Warriors of Medieval Japan

Front Cover
Osprey Publishing, 2007 - History - 288 pages
2 Reviews

The fearless, elite warriors of medieval Japan were loyal comrades but deadly foes. Whether foot soldier, samurai or trained assassin, these men were driven by strict codes of honor and bound by deep allegiances of rank, family or religion.

This book examines the military lives of four formidable warrior types, covering the samurai and the ninja as well as the experiences of warrior monks and ashigaru foot soldiers, less familiar to western readers. The recruitment, training and equipment of each warrior type are described, and their beliefs, motivation and experience of warfare are explored. Rare material from Japanese sources makes this a highly authoritative treatment of the military elites of medieval Japan, brought to life by lavish illustrations and photography.

  

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LibraryThing Review

User Review  - TChesney - LibraryThing

An Osprey book that I really enjoyed and thought very well of? Will wonders never cease. I believe that in reference to Osprey in general, it is attitude adjustment time for me. As the title indicates ... Read full review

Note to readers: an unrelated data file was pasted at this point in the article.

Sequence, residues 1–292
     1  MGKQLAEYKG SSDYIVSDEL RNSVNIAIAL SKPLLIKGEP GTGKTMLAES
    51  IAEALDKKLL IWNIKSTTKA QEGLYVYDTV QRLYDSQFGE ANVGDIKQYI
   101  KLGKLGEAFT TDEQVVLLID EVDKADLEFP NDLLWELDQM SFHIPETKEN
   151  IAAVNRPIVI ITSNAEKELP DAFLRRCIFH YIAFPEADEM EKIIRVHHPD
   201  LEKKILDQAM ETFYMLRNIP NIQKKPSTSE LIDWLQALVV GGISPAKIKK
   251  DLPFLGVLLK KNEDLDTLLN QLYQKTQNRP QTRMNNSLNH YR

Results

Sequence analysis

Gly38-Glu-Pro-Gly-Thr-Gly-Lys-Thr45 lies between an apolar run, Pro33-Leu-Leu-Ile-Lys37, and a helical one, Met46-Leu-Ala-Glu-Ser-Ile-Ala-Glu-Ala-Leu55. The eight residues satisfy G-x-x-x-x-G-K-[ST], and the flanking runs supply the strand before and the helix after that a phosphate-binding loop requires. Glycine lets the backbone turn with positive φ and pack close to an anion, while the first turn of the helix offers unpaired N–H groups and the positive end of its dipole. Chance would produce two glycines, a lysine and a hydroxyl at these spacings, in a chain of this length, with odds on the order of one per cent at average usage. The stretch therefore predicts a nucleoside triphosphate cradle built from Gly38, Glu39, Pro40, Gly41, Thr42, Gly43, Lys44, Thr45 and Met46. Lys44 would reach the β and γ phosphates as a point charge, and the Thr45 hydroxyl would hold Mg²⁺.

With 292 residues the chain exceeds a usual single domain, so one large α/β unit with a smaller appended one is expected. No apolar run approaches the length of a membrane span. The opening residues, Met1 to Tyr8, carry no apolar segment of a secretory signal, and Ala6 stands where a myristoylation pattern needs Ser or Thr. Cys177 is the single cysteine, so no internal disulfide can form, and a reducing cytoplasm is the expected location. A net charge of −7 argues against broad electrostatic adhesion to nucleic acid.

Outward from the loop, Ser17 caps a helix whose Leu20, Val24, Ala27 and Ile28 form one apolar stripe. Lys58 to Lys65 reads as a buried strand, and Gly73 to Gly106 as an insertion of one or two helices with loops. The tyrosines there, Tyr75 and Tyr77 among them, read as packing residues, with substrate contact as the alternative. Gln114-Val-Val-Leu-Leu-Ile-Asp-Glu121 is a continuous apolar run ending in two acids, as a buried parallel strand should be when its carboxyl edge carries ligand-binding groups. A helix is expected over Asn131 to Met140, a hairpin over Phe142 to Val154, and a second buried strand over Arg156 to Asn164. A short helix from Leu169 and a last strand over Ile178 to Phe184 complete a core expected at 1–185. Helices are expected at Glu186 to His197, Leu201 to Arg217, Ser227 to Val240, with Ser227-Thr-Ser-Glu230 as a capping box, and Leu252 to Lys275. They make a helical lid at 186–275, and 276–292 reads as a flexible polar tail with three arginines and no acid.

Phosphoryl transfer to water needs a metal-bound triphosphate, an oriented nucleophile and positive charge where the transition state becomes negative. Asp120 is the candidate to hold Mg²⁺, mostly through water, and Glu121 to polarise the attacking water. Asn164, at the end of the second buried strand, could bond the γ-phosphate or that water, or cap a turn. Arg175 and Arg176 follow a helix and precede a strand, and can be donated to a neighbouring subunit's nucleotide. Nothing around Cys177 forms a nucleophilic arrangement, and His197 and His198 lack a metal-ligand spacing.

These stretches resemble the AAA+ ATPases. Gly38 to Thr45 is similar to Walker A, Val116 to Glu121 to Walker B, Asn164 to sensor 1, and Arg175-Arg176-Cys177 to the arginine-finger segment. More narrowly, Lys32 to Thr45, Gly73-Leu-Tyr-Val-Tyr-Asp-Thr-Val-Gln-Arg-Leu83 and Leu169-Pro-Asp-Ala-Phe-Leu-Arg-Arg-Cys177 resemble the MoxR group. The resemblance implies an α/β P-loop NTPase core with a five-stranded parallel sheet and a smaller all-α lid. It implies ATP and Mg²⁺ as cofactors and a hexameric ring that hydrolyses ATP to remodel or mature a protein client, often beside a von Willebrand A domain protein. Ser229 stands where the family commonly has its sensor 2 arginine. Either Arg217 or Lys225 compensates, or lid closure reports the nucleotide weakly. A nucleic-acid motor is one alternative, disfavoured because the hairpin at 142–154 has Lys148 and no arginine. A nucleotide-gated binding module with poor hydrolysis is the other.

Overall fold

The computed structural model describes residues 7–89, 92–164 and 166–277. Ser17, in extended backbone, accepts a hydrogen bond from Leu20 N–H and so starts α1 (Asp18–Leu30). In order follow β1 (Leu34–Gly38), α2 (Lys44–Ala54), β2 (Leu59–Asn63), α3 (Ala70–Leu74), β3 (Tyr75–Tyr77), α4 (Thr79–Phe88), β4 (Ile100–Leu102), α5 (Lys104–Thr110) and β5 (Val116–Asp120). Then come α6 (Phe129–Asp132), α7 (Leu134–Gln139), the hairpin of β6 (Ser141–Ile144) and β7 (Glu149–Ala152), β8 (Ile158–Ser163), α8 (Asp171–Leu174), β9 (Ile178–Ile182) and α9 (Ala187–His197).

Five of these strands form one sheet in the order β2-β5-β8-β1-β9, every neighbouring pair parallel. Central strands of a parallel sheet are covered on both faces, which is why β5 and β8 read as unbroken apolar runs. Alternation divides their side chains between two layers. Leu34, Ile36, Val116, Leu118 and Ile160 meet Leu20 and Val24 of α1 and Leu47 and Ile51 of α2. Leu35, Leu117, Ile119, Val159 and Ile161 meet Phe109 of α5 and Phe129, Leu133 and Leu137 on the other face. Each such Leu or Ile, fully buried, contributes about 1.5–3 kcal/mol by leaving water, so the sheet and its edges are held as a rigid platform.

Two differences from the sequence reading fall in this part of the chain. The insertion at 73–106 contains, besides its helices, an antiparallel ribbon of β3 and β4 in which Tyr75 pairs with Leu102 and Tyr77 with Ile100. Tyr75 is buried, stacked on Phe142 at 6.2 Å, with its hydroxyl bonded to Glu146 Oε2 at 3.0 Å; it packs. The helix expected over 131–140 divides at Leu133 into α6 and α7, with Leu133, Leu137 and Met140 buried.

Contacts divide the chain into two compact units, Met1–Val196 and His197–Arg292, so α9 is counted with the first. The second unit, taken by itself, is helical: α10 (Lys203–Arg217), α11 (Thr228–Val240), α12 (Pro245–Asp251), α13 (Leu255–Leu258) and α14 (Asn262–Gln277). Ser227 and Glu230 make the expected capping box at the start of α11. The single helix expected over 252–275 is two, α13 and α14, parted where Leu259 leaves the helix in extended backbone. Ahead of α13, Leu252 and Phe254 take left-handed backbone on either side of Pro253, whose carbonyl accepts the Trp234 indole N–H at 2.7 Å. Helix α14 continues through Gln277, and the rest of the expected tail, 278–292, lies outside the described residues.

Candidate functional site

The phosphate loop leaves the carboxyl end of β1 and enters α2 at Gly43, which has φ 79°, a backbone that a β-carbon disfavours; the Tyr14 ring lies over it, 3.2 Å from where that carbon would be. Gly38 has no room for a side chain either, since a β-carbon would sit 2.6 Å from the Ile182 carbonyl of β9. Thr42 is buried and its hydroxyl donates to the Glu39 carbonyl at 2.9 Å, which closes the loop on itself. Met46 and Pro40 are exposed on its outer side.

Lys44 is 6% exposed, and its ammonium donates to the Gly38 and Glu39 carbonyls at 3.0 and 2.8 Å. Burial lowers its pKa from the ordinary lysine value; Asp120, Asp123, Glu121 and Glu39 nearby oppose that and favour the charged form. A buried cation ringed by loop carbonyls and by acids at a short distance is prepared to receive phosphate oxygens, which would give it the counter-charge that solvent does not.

Review: Warriors of Medieval Japan

User Review  - Mauro - Goodreads

Great overview on the main types of warriors of medieval japan (as the title sugests). Especially interesting were the chapters about warrior monks and the famous ninja. Read full review

Contents

Chronology
6
The samurai on campaign
63
Slskiearn
82
Introduction
205
Copyright

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About the author (2007)

Stephen Turnbull is recognized as one of the world's foremost military historians of the medieval period. He first rose to prominence as a result of his 1977 book, The Samurai: A Military History. Since then he has achieved an equal fame in writing about European military subjects and has had 30 books published. Stephen Turnbull took his first degree at Cambridge University, and received a PhD from Leeds University for his work on Japanese religious history. His work has been recognized by the awarding of the Canon Prize of the British Association for Japanese Studies and a Japan Festival Literary Award. He currently divides his time between lecturing in Japanese Religion at the University of Leeds and writing. The author lives in Yorkshire, UK.

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